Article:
A few days before the recent Curry Awards for which Hector was nominated in the category of Curry Lover of The Year, Mr Waseem Ahmed of the Shimla Cottage (109 Sunnyside Rd, Coatbridge, ML5 3HR) extended an invitation to eat at his premises. This was a first for the Curry-Heute website, and hopefully not the last.
In further communications with Waseem he raised the point that Coatbridge is well off the beaten track for Curry explorers such as me. The last time Marg and Hector were in Coatbridge was more than five years ago, the final day of Hector’s ice-skating career. Fifteen seconds at The Time Capsule and I knew that this was it; the fear of heights has become extreme to the point of ridiculous.
We arrived at 17.30 as arranged, Waseem was there to greet us, I felt as if I was recognized, second time in a week. We were settled in a very spacious room at the window. For once, we were not alone. Indeed many families arrived shortly after, taking good advantage of the two-for-one offer which extends from Sunday to Thursday.
The Popadoms and excellent Onion Chutney arrived with the presentation of the menu. Waseem told us that the Special today was Karahi Gosht. The mind was made up, though we did spend time looking through the extensive menu. The Cast Iron Garam Masala may have been picked on another day. There were some interesting Vegetarian Starters, but as we were determined to do the Curry justice we kept to our normal dining pattern and stuck to the Mains. One Mushroom Rice and two Tandoori Roti were the accompaniments.
We had a pleasant chat with Waseem whilst we waited for the meal. He has been in situ for some ten years. There is quite a bit of competition in the town, we passed two en route. The location adjacent to Sunnyside Station means there is ample car parking space, a distinct advantage given the double yellow lines through the town centre.
Was it coincidence that this was the day’s special? This is the Curry most favoured by Hector. The dishes arrived, two ample portions of Lamb in a very thick and rich looking Masala. The Roti was dipped in, this is impressive, I thought. It was only after spooning the Curry on to the Rice we realised that the Lamb was on-the-bone, superb. This does make a huge difference to the flavour of a Curry.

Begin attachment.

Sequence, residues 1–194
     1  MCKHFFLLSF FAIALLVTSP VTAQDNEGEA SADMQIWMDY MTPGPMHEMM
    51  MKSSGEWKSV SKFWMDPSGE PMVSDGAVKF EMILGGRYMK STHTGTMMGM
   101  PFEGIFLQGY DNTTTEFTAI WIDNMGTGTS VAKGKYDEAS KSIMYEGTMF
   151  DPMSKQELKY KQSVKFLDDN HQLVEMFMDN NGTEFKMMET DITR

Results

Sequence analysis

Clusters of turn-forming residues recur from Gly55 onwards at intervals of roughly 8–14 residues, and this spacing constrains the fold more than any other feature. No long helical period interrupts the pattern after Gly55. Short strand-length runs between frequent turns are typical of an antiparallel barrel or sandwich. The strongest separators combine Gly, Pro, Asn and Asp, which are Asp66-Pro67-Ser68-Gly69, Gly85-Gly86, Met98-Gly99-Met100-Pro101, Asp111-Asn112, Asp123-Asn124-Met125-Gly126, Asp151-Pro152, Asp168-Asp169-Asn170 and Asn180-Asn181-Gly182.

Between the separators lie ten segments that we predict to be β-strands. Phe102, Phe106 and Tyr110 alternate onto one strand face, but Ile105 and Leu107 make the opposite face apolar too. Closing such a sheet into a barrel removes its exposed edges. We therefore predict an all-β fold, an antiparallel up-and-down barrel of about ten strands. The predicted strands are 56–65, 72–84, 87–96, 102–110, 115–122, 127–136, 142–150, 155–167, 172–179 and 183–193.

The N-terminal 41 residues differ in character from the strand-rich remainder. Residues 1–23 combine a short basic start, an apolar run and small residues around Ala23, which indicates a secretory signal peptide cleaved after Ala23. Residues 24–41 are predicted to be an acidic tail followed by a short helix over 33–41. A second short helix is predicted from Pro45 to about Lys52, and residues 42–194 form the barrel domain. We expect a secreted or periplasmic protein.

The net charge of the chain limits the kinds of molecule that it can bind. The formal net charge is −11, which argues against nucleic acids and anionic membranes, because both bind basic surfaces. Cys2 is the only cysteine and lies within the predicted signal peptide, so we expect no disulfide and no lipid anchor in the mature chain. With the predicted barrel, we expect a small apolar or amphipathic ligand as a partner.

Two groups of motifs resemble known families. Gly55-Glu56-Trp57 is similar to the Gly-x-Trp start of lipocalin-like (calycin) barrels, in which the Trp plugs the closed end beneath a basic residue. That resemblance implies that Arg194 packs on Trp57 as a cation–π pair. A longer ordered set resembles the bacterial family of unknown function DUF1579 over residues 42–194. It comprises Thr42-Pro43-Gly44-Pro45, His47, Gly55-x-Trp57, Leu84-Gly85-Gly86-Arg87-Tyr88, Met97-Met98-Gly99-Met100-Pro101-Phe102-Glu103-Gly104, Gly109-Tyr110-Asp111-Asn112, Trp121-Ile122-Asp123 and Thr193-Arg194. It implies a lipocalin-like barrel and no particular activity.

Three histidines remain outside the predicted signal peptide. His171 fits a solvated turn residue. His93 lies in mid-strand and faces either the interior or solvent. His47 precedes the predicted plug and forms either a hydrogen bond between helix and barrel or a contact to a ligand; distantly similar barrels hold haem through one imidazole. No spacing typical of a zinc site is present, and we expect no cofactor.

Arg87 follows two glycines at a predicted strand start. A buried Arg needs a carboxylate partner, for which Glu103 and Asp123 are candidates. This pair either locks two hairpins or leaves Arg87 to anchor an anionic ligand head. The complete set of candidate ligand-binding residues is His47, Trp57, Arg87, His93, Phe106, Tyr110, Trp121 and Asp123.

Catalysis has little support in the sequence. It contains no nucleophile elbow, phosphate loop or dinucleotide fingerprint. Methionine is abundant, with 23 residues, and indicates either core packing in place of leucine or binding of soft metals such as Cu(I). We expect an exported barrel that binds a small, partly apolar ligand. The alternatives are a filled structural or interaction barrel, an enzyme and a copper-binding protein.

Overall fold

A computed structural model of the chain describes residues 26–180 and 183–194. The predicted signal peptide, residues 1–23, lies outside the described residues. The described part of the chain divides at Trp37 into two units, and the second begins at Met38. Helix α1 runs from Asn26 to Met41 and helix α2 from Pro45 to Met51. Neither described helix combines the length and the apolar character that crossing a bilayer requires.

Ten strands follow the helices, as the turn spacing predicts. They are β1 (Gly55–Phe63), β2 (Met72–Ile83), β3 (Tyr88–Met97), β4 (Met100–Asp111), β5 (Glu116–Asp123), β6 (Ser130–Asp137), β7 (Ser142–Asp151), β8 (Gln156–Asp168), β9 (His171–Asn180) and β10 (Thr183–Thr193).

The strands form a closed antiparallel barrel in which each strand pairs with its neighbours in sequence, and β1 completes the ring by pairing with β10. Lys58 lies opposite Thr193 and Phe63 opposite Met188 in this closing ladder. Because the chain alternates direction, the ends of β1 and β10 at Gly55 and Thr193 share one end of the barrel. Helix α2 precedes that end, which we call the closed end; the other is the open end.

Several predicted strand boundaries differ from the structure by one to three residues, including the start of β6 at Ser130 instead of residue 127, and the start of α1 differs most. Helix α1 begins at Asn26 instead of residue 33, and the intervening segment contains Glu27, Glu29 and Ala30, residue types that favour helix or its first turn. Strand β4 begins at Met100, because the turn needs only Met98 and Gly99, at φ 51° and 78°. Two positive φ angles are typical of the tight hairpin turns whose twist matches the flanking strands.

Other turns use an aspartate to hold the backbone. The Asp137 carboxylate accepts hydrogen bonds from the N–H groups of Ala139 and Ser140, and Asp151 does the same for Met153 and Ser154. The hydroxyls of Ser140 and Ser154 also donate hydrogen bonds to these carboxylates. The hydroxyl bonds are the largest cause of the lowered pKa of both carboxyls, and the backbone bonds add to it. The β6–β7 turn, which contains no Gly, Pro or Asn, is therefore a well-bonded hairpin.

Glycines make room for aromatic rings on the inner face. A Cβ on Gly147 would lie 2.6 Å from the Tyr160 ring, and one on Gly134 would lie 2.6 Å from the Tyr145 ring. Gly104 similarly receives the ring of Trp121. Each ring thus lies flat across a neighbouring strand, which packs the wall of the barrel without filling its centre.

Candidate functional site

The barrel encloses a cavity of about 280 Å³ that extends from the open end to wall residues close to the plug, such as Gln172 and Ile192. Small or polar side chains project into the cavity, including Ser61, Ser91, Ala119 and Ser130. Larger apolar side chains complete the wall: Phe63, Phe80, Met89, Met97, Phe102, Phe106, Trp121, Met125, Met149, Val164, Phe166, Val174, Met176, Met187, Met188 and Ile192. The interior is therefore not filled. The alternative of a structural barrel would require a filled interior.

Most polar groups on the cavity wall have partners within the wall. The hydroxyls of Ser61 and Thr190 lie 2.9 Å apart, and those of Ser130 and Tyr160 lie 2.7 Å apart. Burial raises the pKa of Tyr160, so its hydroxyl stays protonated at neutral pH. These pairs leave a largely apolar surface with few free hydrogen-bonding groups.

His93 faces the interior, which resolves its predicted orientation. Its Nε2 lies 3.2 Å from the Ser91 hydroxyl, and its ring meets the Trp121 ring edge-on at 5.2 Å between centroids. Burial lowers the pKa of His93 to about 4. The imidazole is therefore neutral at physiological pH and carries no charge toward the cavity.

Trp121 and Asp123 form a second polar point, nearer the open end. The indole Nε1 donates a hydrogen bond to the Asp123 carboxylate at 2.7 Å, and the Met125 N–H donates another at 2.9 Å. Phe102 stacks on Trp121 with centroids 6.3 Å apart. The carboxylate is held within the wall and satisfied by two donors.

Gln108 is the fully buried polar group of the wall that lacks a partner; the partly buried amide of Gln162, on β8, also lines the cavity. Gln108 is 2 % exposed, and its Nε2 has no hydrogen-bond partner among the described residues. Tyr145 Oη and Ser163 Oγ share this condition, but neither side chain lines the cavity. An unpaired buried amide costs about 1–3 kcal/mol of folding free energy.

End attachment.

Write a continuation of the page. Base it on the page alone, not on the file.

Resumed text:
The Curry was hotter than Marg would have preferred, it was ideal for me; a good kick but not excessive. There was a distinct Clove and Green Cardamom presence; pieces of Cinnamon Bark were added to the bone debris on the plates as we ate. No Capsicum! The key ingredients were there. The volume was perfection. This was a thoroughly enjoyable Curry.
Hector: ‘Do you have a bill for me?’ It was polite to ask.
Waseem: ‘ No, that’s ok.’
That the good people of Coatbridge have access to this quality of Curry on their doorstep is something that should be appreciated.
The coffee served afterwards deserves a special mention (Bei Nannini). This was easily the best coffee I have ever been served in a Curry House – fresh and very hot.
The day was not over – Damo Suzuki is in town!
Hector’s favourite band of all time – Can – have not toured in over thirty years. Damo Suzuki, the vocalist on four albums from the early 1970s has been touring endlessly for years. He tends to arrive, meet up with a group of local musicians, they play, he sings. As was the style of Can at their best, this is improvisation taken to extreme.
Driving along half the route of the 62 bus which links Coatbridge with Clydebank, we arrived at Stereo (Renfield Lane, Glasgow) in good time. The doors opened at 19.00. Damo was not due on stage until 22.00. There was two support bands.
I phoned Robin instigator of the Bad Boys Club, so called because we professionals do not go to the pub on a Sunday except under extraordinary circumstances. Tonight was extraordinary. They were heading imminently to the Bon Accord having been summoned by Russell the Cellarman. An orgasmic Bier was available: Infinity by Blue Monkey. It wisnae shabby.
Meanwhile back at the gig
We arrived to see Mandog who have been touring of late with Damo. On hearing the last five minutes of their set I was blown away. This was intense, almost Space Rock. Mandog are a trio of guitar, bass and drums. The guitarist was amazing and the drummer was playing in more of a jazz style than rock.
Shortly after 22.00 Mandog, another guitar and bass player took the stage along with Damo. Bang!
A forty minute cacophony then ensued. Damo eyes shut, wailing into the mike, coming up for air every so often. The band were tight, clearly they have been playing together for some time.
That was it, the full Damo experience – love it or loathe it, there is nothing else like it.